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Non-compliance with national guidelines in the management of acute pancreatitis in the United kingdom

Non-compliance with national guidelines in the management of acute pancreatitis in the United kingdom
Non-compliance with national guidelines in the management of acute pancreatitis in the United kingdom
Background: deficiencies and lack of standardisation of the management of acute pancreatitis in the UK have been reported. National UK guidelines for the management of acute pancreatitis were published in 1998. However, implementation of national guidelines in other areas has been patchy, suggesting that evaluation of the uptake of the pancreatitis guidelines would be appropriate.
Aim: identification of current practice in the management of acute pancreatitis as reported by consultant surgeons, in order to determine how effectively the UK guidelines have been introduced into practice.
Methods: a questionnaire was posted to 1,072 full members of the Association of Surgeons of Great Britain and Ireland. It consisted of 13 questions that aimed to identify the surgeon's practice in the management of patients with acute pancreatitis in relation to key points in the UK guidelines. We compared the practice of hepatobiliary and pancreatic (HBP) vs. non-HBP specialists, and teaching vs. non-teaching hospital surgeons using the chi2 test.
Results: of 538 responses (50%), 519 were from consultant surgeons. 59 did not look after patients with acute pancreatitis and 89 (17%) had a HBP interest. There were differences between the recommendations in the guidelines and reported practice, particularly in the use of critical care resources and referral to specialist units. Of consultants looking after acute pancreatitis 371 (72%) were non-HBP specialists. There were significant overall differences between the practice of HBP specialists and non-specialists: in severity assessment (Glasgow and C-reactive protein vs. Ranson criteria); indication and timing of requesting computed tomography (routinely at 7-10 days vs. when clinically indicated); nutritional support (enteral feeding vs. no support), and in common bile duct assessment prior to cholecystectomy (intra-operative cholangiography vs. endoscopic retrograde cholangiopancreatography). There was no significant difference between practice in teaching and non-teaching hospitals.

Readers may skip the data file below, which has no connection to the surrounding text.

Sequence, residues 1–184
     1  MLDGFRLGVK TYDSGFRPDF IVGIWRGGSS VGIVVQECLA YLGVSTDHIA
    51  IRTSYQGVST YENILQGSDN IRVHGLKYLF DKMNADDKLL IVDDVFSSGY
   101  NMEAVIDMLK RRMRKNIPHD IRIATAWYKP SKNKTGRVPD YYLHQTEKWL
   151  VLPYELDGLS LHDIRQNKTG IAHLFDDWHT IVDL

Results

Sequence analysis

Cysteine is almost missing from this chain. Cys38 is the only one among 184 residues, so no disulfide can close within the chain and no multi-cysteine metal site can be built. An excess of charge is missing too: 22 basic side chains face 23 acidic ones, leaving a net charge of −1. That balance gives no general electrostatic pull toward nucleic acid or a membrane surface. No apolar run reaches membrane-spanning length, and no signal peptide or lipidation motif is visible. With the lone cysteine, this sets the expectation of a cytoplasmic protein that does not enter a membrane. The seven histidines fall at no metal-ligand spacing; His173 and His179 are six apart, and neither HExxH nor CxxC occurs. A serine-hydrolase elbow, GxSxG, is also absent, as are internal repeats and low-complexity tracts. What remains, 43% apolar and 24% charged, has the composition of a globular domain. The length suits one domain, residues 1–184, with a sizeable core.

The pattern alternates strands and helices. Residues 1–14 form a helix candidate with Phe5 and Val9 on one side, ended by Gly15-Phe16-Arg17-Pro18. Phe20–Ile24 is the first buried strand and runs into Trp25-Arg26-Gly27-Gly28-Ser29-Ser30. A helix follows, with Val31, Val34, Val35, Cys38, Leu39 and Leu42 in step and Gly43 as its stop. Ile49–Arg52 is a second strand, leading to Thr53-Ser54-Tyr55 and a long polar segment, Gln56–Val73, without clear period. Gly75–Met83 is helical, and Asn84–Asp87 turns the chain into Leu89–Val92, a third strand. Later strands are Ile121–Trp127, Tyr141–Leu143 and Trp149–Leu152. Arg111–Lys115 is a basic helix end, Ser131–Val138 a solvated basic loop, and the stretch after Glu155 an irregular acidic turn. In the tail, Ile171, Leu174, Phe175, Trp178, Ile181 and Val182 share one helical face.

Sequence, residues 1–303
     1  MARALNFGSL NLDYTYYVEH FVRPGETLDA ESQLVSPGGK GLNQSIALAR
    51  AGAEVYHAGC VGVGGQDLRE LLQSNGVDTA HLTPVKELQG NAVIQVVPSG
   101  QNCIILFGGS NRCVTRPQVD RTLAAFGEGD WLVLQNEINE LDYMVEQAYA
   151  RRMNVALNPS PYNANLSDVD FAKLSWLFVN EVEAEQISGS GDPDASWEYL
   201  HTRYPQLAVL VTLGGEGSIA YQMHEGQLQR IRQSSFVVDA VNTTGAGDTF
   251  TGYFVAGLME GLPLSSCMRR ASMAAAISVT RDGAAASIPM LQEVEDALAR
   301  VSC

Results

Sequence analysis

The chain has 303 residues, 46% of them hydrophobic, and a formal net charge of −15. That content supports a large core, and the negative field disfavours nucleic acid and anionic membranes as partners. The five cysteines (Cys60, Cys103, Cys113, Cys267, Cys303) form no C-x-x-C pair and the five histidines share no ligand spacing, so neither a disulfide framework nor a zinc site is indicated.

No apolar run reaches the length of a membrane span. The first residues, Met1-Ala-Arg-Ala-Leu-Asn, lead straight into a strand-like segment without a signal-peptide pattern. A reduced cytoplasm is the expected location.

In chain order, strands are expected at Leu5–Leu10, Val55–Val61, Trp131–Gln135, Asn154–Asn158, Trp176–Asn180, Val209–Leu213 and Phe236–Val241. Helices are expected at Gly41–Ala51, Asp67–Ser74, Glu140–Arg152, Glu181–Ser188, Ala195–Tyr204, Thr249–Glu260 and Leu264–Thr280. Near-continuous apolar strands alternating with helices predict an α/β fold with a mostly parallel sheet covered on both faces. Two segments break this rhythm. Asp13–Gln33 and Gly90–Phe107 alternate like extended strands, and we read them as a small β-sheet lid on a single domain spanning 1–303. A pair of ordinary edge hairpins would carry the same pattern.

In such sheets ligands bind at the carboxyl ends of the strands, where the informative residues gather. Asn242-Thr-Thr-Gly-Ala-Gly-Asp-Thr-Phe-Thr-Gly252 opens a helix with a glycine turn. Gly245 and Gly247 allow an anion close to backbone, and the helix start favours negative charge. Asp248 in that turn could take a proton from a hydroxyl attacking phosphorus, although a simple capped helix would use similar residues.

Conclusion: implementation of national guidelines for the management of acute pancreatitis was greater in the practice of HBP specialists than non-specialists. This has implications for the rationale of creating guidelines, and for the strategies associated with their introduction.
acute pancreatitis, pancreatitis guidelines
0253-4886
192-198
Aly, Emad A.H.
574d40dc-de57-4f36-9438-bf4c4341283a
Milne, R.
37b95431-12f3-4aa7-86f8-a632825df7ae
Johnson, C.D.
e50aa9cd-8c61-4fe3-a0b3-f51cc3a6c74a
Aly, Emad A.H.
574d40dc-de57-4f36-9438-bf4c4341283a
Milne, R.
37b95431-12f3-4aa7-86f8-a632825df7ae
Johnson, C.D.
e50aa9cd-8c61-4fe3-a0b3-f51cc3a6c74a